Ghanaian students, responding to a government call for all Ghanaian to help pull the country out of its present economic crisis, turned out to harvest 120 tons of sugar cane at the Asutsuare sugar plantation last Saturday (February 19).
GV PAN Sugar factory TO students harvesting cane
GV, SV & CU Students cutting cane (2 shots)
GV Cane being trimmed on truck
GV & SV Cane cut & trimmed (3 shots)
SV Students loading cane onto truck
SV & CU White student loading cane onto truck (3 shots)
CU Cane stacked on trailer
GV PAN Loaded wagon with students aboard drives to factory
Initials SGM/1320 SGM/1259
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Background: Ghanaian students, responding to a government call for all Ghanaian to help pull the country out of its present economic crisis, turned out to harvest 120 tons of sugar cane at the Asutsuare sugar plantation last Saturday (February 19).
Some 600 students took to the fields at Asutsuare, 45 miles from Accra, where they cut cans and loaded onto lorries for the short drive to a nearby sugar refinery.
The new, ruling military government of Colonel Ignatius Acheampong recently asked all Ghanaians to help the West African country cure its economic ills.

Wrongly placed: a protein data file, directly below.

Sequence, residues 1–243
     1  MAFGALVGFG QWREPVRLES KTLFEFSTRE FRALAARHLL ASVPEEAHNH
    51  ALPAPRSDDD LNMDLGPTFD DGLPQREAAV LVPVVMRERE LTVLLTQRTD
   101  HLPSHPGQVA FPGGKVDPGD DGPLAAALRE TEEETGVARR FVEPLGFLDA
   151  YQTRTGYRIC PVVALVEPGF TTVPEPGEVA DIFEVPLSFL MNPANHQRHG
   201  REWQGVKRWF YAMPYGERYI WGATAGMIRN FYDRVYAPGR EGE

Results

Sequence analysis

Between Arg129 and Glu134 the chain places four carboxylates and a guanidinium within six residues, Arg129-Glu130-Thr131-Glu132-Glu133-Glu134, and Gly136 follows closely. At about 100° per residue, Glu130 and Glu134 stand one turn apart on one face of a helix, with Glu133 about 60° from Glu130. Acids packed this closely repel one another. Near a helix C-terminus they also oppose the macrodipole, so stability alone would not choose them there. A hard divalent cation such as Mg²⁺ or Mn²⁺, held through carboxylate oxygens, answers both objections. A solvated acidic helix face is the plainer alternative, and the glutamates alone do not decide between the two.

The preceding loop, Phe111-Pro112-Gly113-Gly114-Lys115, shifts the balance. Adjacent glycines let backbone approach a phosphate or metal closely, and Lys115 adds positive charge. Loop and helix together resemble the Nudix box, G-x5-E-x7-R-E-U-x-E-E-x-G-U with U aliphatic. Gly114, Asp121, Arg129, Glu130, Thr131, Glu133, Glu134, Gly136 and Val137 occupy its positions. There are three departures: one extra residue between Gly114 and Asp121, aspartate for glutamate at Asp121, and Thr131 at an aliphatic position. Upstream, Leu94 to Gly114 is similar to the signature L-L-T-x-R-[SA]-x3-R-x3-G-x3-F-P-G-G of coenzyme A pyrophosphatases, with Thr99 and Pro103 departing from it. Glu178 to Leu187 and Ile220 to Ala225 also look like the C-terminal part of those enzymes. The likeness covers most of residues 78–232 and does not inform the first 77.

Although Ghana has the capability of meeting its domestic sugar needs, the government has been faced with an acute labour shortage in the cane fields. As a result, sugar production has been cut by more than 50 per cent and Ghana has been forced to spend much-needed foreign exchange on imported sugar.
SYNOPSIS: The Asutsuare sugar refinery in Ghana where last Saturday hundreds of Ghanaian college students harvested 120 tons of ripe sugar cane from the adjacent fields. The students, who worked without pay, were acting in response to a call made by Colonel Ignatius Acheampong, head of Ghana's ruling National Redemption Council. Colonel Acheampong has urged all Ghanaian to help pull the West African nation out of its present economic difficulties.
Although Ghana has the capacity to manufacture all of its domestic sugar needs, a shortage of labour in the cane fields has cut sugar production by more than 50 per cent. This is turn has forced the military government of Colonel Acheampong to spend the country's scarce foreign exchange on imported sugar.
Colonel Acheampong came to power in a bloodless coup last month, replacing the government of former Prime Minister Kofi Busia. The National Redemption Council, set up by the coup leaders, has introduced stringent financial measures in an effort to correct Ghana's ever-worsening balance-of-payment deficit which the Council blames on the economic mismanagement of past regimes.